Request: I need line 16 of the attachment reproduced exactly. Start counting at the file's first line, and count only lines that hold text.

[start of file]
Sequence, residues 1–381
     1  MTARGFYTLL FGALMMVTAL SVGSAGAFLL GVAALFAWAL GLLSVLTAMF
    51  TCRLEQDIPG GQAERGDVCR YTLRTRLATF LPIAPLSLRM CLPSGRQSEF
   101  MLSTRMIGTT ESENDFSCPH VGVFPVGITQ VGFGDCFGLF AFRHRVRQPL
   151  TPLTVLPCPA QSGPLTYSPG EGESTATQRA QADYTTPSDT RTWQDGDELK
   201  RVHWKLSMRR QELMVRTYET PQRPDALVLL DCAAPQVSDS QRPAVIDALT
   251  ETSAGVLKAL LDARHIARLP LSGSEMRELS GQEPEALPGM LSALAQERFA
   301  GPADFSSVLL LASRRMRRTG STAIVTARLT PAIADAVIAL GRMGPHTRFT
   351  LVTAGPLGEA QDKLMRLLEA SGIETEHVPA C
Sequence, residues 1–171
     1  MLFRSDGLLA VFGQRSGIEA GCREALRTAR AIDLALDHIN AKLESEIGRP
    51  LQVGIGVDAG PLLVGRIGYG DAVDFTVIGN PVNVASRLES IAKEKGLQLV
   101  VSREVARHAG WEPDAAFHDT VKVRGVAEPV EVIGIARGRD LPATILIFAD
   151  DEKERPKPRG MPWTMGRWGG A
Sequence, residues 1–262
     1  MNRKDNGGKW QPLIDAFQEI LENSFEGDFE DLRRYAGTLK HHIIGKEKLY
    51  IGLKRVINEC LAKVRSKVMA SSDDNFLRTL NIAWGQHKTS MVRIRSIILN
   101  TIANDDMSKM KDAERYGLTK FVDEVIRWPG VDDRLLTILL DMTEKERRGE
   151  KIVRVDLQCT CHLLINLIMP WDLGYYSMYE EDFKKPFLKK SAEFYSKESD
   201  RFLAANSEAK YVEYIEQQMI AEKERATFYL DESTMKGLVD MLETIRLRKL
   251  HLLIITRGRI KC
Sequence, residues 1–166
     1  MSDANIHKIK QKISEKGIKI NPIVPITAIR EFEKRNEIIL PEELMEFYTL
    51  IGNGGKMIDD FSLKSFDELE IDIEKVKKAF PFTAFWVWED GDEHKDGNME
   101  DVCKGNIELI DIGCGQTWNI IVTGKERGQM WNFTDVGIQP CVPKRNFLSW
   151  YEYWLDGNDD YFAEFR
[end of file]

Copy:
     1  MNRKDNGGKW QPLIDAFQEI LENSFEGDFE DLRRYAGTLK HHIIGKEKLY